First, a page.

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Taiwan sets sights on becoming Asia's high-tech hub

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Premier Su Tseng-chang on Thursday received a Ministry of Economic Affairs briefing on a program to make Taiwan a high-tech hub by nurturing emerging technology industries through R&D collaboration with foreign companies.

Current global trends combined with Taiwan's advantages and market conditions make the time ripe for Taiwan to transform itself into an Asia regional center for high-end manufacturing, high-tech R&D and advanced semiconductor processing. Building comprehensive supply chains for these industries will lay the foundations for long-term economic growth and create more jobs and business opportunities, the premier said.

The coronavirus pandemic has rattled the global economic order and upended industrial supply chains, the premier said. The deteriorating situation in Hong Kong, meanwhile, will also have considerable geopolitical implications for the Asia-Pacific region and the wider world. Amid such rapid changes, it will be critical for Taiwan to carve out a distinctive role, find a development niche, and expand industrial advantages.

China was once the world's factory, but the emergence of the coronavirus, Beijing's handling of the pandemic fallout, and changes within China itself have all increased risks for foreign firms doing business there. The U.S., Japan and other countries have therefore adopted specific policies encouraging companies to redeploy elsewhere or accelerate their withdrawal from China. While this has become an irreversible trend, it also presents an excellent opportunity for Taiwan to strengthen its industrial structure and with a firm foundation at home cast its glance toward the wider world, Premier Su said.

For the emerging industries program, the government will attract investment from global firms specializing in artificial intelligence (AI), the internet of things, cloud services and semiconductor manufacturing equipment, said the premier. By taking advantage of complementary strengths, domestic and international companies can establish reciprocal and mutually beneficial relationships that will push Taiwan's formidable contract hardware manufacturing sector to new heights.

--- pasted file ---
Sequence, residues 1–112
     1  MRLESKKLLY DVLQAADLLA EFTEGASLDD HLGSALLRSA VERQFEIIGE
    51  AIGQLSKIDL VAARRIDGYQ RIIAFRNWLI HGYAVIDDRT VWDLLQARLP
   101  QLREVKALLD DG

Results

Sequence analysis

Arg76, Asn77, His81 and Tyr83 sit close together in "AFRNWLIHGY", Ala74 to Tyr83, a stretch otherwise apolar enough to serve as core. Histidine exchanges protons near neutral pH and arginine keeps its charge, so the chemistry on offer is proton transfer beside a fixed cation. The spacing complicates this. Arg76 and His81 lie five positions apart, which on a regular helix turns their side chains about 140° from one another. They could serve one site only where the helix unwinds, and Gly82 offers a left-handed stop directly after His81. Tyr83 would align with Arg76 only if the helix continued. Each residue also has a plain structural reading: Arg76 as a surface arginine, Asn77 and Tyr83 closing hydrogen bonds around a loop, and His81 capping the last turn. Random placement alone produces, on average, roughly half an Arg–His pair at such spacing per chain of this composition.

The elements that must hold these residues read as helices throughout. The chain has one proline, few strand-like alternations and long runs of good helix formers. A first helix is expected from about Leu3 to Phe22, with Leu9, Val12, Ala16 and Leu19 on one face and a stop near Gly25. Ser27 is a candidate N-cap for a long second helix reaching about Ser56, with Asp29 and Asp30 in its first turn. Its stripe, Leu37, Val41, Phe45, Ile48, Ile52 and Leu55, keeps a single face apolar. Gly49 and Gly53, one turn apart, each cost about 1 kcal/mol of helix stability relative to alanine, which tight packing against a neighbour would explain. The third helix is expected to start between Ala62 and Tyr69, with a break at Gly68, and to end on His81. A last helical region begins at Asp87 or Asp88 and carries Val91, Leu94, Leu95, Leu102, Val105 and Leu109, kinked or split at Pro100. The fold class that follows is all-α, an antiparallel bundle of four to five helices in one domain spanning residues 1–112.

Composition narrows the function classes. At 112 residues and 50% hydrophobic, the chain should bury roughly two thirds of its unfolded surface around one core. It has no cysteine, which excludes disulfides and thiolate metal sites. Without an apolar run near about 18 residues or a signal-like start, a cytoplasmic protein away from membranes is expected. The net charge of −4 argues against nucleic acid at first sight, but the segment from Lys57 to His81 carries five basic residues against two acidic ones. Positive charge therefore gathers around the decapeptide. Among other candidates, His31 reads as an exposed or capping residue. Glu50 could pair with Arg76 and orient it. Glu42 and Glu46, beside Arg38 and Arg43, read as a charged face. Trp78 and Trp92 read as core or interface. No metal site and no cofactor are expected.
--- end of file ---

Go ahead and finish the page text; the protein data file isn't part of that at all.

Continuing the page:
The MOEA indicated that the program's principal framework will consist of research by foreign tech firms in Taiwan, co-innovation between Taiwanese and international companies, and development of value-added applications and services by Taiwanese firms. According to estimates, a supply chain for the emerging semiconductor industry can drive the sector's production value to NT$46.8 billion (US$1.6 billion) by 2025, with the output of derivative applications worth NT$400 billion (US$13.4 billion). For the next-generation communications industry (including new infrastructure for open 5G networks), forecasts for 2025 put the production value at NT$570 billion (US$19 billion). For Taiwan's AI solutions industry, production value is expected to reach NT$360 billion (US$12 billion), with added value from industrial adoption of AI likewise reaching NT$750 billion (US$25 billion) by 2025.

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